# Mental Math: A New Divisibility Rule for Three-Digit Numbers (and more!)

DISCLAIMER: I am not aware of this proof being published by anyone else.

What is fascinating about mathematics is how a simple rule can open the door to a plethora of others. I find great joy in playing with numbers on my calculator to try to uncover yet another secret. Sometimes, my little conjectures (statements based on a pattern and not solid proof) are ripped apart by the most obvious counterexamples. Other times, I feel so shocked that the pattern I noticed works for more than three numbers (yes, my standards are quite high) that I know for fact there must be something wrong, which there inadvertently is.

Then, once in a blue moon, I find something that withstands test after test. Tentatively, I work out a proof. Let me just say that working out a proof for a conjecture, no matter how silly (as this one is), is perhaps my greatest source of joy in math.

We’ve all learned the divisibility rule of three at school: if the sum of the digits in a number is divisible by three, then so is that number. But what if there is another rule for three digit numbers? I love patterns, so I worked with three-digit numbers whose digits are related in some sort of way.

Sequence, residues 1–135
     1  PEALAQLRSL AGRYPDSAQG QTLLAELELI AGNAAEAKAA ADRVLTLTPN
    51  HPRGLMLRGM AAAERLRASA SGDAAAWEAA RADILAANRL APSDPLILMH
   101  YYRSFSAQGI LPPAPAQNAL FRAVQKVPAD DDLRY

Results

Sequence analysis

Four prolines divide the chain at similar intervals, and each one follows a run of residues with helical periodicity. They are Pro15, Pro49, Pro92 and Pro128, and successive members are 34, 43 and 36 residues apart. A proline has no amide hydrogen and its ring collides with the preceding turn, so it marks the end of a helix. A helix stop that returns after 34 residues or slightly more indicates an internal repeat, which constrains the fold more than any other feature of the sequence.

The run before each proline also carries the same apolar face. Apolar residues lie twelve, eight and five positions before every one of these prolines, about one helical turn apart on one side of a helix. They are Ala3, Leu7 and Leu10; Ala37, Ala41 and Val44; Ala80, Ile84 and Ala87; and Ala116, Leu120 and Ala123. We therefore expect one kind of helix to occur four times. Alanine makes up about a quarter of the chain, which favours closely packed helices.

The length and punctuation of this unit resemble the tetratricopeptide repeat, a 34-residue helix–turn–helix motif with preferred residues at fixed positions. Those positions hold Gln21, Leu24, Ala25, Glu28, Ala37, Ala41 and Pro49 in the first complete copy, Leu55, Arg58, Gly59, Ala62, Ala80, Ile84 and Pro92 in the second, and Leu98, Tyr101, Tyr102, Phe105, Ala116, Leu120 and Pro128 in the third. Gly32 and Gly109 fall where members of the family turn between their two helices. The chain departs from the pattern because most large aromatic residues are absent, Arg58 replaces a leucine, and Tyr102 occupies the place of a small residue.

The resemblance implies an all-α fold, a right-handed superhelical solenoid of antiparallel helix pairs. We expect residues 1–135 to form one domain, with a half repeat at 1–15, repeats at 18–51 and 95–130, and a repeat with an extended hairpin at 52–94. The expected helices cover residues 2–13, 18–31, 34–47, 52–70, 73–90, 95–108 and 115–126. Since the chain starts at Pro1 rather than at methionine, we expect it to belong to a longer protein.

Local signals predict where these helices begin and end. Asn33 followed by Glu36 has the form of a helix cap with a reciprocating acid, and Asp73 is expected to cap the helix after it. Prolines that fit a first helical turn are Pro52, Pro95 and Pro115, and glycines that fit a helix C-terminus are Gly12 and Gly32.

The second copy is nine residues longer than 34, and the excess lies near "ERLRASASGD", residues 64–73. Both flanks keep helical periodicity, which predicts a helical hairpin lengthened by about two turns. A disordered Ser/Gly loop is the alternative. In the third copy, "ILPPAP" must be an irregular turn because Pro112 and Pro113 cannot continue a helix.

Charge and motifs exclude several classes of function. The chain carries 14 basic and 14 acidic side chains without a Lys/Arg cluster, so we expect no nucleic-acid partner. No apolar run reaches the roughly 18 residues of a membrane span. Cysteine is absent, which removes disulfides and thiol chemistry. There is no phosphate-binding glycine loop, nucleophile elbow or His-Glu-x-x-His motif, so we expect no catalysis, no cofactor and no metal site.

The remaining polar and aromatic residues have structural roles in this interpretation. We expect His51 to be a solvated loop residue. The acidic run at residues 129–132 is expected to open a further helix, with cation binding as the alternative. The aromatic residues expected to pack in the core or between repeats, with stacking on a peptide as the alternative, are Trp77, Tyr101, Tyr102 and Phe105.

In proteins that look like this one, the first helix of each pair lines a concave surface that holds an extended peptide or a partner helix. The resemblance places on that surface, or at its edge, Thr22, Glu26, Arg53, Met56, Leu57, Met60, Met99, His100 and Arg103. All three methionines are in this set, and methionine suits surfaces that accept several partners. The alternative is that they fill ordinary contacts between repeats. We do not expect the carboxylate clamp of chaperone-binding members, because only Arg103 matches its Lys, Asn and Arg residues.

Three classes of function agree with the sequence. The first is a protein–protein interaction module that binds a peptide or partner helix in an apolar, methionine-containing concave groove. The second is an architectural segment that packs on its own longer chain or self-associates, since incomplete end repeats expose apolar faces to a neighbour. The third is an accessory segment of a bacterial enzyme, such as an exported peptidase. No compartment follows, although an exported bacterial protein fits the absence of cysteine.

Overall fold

So, I worked with **three-digit numbers formed by consecutive digits**. This means that the three digits in a number come right after another, like 123 (or 321, 213, 132, 231, 312 — the order doesn’t matter so long as the digits are right after another).

Punching numbers into my calculator, I found the following pattern:

Any three digit number formed of consecutive digits is divisible by three.

This was a surprise. Unsure whether it was pure luck, I decided to attempt to write a proof. Unbelievably, it worked. Here it is below:

- Assume the three digit number has the digits XYZ, where X, Y, and Z are consecutive.
- For the sake of convention, let’s represent X by
*n.* - Since the integers are consecutive, then Y =
*n +*1 AND Z =*n +*2 - Notice that it does not matter whether the number is XYZ or YZX: it will not change the value.
- Add X, Y, and Z. You will get
*n +*(*n+*1) + (*n*+2) = 3*n+*3 - Divide (3
*n +*3) by 3 and you will get n + 1,*without any remainder.*Since the sum is divisible by three, then the number is divisible by three. It is also shown that the order of the consecutive integers does not matter.

Q.E.D

This proof can be extended to six-digit numbers and nine-digit ones.

What are the uses of this trick? Well, not much, if only to avoid tedious addition. But take a moment and think how many other hidden tricks lie out there, waiting to be discovered.

Perhaps the next time you find yourself bored, you can take out the calculator, punch in some numbers, and find your next best pattern.